by Nicola Morrison
(Huntly, Aberdeenshire, Scotland)
My name is Nicola and im 34 years old. I have had 3 c-sections, a sub-total hysterectomy, my cervix removed and a few key-hole surgeries and im now suffering from chronic abdominal pain caused by adhesions. I have undergone countless trips to the Doctors and A+E and have also had a few stays in hospital. Im now constantly on pain killers and ive had to take some pretty heavy duty (ie: oxycontin, oxynorm, Oramorph) and im now currently taking Dihydrocodiene along with Amitryptiline which do help at first but then after a while i seem to get immune to them and then i have to try something different which is hard as im allergic to most NSAIDS and also Diclufenac and Tramadol. I am now (finally) on the books so to speak for an appointment with the Chronic Pain Team.
I understand very well that the more operations i have is only going to make things worse as its a very vicious circle and im lucky to have a very good support network to help out when it flares up as im usually in that much pain any movement just kills.
My husband and 3 children are all very good about it and very patient.
My GP is quite ignorant about my condition, she told me its mostly Psychosamatic and i should "toughen up". I have since changed GP.
My bowls and bladder have already been affected but my main worry is....what if something serious did go wrong ( i was admitted to hospital not long ago for suspected appendicitis) and i wasnt able to tell as the level of pain is really that high....
Dear Nicola Morrison,
I am truly and really so sorry to "hear" about your pain from adhesions. It is one of those conditions that exerts so much toil on people, yet poorly understood by some health care professionals. Any woman undergoing a pelvic surgery like cesarean section have an 80 percent chance of developing adhesions. A few of these ladies will unfortunately come down with debilitation pelvic pain and sometimes infertility and bowel obstruction due to the adhesions.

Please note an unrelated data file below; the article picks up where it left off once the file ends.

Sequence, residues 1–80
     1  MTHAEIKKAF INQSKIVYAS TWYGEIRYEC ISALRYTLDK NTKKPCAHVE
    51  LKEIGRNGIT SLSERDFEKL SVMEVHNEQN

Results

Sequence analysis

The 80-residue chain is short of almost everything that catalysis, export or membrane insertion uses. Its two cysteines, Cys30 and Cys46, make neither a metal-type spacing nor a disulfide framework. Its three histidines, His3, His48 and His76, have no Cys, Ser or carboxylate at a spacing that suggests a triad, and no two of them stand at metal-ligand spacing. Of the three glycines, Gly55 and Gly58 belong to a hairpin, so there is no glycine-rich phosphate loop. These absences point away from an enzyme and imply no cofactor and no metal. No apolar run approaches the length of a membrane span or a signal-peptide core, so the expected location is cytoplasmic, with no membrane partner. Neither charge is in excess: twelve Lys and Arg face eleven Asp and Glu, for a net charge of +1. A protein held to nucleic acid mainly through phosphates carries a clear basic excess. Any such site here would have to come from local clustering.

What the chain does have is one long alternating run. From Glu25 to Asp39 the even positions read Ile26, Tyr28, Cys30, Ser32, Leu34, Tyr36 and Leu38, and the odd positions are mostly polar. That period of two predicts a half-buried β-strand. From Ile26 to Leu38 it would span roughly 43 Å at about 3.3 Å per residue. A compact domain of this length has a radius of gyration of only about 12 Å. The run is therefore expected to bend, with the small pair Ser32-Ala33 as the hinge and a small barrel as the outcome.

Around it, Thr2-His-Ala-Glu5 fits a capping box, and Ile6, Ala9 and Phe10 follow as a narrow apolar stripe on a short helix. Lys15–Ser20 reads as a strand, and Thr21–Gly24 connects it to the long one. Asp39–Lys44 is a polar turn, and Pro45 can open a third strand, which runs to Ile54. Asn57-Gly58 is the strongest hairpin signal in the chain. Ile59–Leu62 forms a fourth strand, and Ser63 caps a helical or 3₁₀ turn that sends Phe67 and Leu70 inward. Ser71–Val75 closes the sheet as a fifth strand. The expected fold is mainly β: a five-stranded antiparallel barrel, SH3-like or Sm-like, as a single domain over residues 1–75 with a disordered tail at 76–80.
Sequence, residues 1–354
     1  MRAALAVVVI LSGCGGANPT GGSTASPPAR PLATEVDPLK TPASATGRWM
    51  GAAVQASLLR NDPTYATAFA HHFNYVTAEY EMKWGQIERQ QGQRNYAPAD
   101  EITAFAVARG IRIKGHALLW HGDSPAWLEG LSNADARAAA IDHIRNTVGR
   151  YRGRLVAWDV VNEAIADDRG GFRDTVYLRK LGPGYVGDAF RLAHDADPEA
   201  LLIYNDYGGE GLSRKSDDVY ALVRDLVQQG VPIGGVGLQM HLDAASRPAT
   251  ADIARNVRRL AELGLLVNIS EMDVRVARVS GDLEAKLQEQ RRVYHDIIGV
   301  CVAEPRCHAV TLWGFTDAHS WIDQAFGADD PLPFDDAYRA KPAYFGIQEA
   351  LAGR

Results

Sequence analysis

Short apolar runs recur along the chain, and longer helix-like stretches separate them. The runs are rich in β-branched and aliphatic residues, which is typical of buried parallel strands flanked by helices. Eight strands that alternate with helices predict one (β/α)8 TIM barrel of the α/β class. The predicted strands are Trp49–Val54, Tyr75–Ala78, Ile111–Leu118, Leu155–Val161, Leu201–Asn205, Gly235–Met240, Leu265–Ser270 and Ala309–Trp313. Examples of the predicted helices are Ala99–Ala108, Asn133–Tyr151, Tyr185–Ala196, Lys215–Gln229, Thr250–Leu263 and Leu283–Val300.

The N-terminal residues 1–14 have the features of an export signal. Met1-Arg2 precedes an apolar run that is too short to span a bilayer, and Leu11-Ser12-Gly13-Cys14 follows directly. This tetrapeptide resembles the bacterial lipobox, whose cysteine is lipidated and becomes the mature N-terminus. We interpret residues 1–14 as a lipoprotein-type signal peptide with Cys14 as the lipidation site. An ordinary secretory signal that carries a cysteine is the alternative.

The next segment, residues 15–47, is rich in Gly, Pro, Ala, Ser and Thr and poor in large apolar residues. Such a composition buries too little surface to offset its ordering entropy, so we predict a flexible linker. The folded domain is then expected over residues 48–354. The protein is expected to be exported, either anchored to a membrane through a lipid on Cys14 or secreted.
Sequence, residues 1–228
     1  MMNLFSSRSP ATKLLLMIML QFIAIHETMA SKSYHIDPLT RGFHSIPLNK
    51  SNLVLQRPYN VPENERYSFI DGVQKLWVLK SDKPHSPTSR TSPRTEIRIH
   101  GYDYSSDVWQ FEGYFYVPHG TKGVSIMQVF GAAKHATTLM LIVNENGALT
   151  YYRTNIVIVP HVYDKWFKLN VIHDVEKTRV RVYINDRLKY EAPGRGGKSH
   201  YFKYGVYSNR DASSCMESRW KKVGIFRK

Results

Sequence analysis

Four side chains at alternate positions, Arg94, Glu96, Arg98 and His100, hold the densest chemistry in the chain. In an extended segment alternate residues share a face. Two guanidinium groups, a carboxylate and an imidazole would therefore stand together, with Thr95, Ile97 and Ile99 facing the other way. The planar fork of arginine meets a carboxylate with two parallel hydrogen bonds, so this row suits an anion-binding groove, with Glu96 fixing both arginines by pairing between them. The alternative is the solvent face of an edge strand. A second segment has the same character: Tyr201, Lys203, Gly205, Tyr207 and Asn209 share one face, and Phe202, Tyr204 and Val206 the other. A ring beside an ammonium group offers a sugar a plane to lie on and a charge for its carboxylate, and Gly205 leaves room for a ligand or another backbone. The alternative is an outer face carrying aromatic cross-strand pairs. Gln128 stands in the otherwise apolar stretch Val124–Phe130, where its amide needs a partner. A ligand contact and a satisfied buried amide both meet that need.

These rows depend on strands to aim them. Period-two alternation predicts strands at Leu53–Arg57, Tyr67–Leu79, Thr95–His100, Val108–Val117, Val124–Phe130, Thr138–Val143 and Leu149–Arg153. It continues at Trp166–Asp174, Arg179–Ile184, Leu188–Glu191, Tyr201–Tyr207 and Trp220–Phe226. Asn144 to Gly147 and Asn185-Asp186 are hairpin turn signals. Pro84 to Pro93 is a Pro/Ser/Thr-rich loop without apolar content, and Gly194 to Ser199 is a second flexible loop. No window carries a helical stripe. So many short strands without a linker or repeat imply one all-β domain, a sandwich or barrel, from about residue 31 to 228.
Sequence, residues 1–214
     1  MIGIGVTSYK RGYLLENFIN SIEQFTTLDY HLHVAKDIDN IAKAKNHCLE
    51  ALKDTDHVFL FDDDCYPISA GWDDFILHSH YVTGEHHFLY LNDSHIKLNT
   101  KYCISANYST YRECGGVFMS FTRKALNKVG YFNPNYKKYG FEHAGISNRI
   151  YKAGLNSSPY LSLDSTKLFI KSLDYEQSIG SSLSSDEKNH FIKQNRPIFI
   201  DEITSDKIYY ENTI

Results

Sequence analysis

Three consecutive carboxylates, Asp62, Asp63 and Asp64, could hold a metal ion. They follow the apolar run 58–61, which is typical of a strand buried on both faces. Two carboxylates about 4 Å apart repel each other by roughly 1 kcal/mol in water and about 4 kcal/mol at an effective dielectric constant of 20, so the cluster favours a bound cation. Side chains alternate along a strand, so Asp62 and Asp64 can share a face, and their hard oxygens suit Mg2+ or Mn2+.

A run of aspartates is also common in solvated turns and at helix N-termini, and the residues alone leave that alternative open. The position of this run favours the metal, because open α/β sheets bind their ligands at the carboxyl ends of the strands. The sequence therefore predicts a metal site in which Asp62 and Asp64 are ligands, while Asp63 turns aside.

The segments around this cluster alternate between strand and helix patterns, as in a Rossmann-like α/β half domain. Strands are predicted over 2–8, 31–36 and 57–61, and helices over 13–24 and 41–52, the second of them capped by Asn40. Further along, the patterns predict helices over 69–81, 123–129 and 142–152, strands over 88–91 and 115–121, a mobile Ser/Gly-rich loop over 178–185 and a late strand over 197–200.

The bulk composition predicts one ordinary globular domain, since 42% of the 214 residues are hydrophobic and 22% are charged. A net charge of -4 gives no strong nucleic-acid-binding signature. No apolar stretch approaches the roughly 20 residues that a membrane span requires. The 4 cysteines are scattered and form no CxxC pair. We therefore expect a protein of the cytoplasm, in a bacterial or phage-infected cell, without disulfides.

As you rightly pointed out, surgery may be necessary to treat adhesions, but even at that, it does not guarantee freedom from pain. It could worsen matters. But if you are having severe pains and your GP thinks it is due to adhesions after c-section, you might need to see some adhesiolysis specialist for re-assessment and advise.
I easily relate to your point on the front of doctors being able to identify any other cause of pain in your abdomen, instead of lumping it as "due to adhesions after c-sections". Anytime you have abdominal pain that will not go away with simple pain killers, or lasting more than an hour, or that does not feel like the current pain you have, you will need to go to your GP or to A&E. Mentioning that this pain is different may be helpful, though the onus lies with the attending physician to "think outside the box" and not conclude that the pain is due to adhesions after c-section.
We really hope that your current pain management regime will help and please keep us posted on how things are going with your adhesion management, and perhaps, others will benefit from such.
Thank you very much for taking your time to discuss your concerns here, and hope you find some help with this horrible pain soon.